I was surprised when one Sunday afternoon as he got to work on a six-pack Walter brought up my childhood. My childhood was something I rarely talked about, and tried not to think about. This was shortly after my book on the Philippines had come out and Walter had put a copy on display in his living room. He had this great idea, he said, for my next book, which he said should be a light autobiographical work about me and my foreign adventures, and my grandfather whom Walter knew of as a novelist and internationalist, and my twin brother Peter, whom I occasionally referred to as someone who worked for the CIA and sometimes the military. Walter had heard me speak about my brother having been the good little boy who got top grades and was the family pet, while I was always the bad, dumb, trouble-making twin. The book, Walter said, should be called Twins in the American Century. It should go from childhood right into the present – this amusing, but also significant, family story, he said. A story that, he said, would bring America in the current era into focus. And it had to go back into childhood.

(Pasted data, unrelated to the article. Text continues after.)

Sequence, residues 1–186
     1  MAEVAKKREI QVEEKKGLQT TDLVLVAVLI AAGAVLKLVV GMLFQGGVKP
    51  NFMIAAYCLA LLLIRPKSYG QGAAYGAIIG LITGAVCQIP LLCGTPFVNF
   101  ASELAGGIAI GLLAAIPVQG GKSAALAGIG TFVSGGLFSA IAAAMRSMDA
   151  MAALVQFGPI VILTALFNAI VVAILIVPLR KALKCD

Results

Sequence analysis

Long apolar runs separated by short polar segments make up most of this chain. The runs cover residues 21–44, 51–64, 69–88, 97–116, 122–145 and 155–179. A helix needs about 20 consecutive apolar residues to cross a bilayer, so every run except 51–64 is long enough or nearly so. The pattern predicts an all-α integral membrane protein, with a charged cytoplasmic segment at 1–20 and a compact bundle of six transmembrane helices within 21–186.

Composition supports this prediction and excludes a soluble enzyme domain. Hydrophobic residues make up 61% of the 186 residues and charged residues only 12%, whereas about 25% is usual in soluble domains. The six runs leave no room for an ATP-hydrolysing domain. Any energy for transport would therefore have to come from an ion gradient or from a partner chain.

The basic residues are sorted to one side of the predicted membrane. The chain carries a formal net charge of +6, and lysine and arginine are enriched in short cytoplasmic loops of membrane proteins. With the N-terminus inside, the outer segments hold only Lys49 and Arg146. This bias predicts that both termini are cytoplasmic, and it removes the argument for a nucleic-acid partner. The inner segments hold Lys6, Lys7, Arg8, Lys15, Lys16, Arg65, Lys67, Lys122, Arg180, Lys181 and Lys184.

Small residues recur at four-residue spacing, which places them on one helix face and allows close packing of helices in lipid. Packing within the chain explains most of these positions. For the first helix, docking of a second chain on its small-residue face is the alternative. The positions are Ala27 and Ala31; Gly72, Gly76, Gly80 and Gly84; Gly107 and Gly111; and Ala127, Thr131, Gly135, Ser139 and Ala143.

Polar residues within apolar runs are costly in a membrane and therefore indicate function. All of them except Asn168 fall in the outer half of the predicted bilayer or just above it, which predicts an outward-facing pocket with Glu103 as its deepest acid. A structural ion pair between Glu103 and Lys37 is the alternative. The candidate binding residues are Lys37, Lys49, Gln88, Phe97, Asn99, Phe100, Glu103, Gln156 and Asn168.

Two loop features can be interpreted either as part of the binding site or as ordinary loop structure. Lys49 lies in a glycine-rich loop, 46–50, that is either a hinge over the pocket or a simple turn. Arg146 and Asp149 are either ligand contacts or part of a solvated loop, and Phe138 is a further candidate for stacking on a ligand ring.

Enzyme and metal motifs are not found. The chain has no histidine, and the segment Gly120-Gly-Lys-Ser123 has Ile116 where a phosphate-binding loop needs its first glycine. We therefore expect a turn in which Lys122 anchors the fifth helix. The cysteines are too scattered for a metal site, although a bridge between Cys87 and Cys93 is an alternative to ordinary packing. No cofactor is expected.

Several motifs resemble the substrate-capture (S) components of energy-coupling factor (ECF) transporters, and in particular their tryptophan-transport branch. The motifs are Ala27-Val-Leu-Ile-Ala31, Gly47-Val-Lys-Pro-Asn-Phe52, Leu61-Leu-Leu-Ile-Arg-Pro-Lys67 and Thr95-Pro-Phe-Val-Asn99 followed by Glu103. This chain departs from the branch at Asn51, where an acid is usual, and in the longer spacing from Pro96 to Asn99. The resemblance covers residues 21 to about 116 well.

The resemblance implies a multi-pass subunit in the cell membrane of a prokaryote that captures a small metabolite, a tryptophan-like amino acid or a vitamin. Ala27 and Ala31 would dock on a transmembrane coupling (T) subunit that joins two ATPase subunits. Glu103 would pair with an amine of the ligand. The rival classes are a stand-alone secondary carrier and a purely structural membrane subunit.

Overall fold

And so at Walter’s I was actually in a conversation about where I came from and about the need, for the sake of my writing career, to revisit it. I did not say how unpleasant this felt, and I also I did not say just how furious I was that my brother should be in the CIA, and I also I did not say how I had thought it might seem to my brother that I became involved with people, from Manila to Managua, that in his world were considered America's enemies.

I knew, but shoved aside for the moment, how in the most potentially deadly ways the childhood battles, good twin versus bad, were being played out. But I did not keep the present antagonisms at such a distance as I did the parts that began in childhood.

And I certainly did not say how anger rose fast when it seemed to me that my foreign experience and my brother’s were considered of equal worth. I controlled myself, for Walter did not seem to me to see much beyond his impression that it was an interesting family.

I actually did make a stab at that book Walter suggested. My agent also liked the idea. I had doubts, but even before I found my bright apartment I was at work on an intricate proposal, which stirred some interest. An editor at Macmillan said he was almost certain they could make offer if they could see a sample chapter.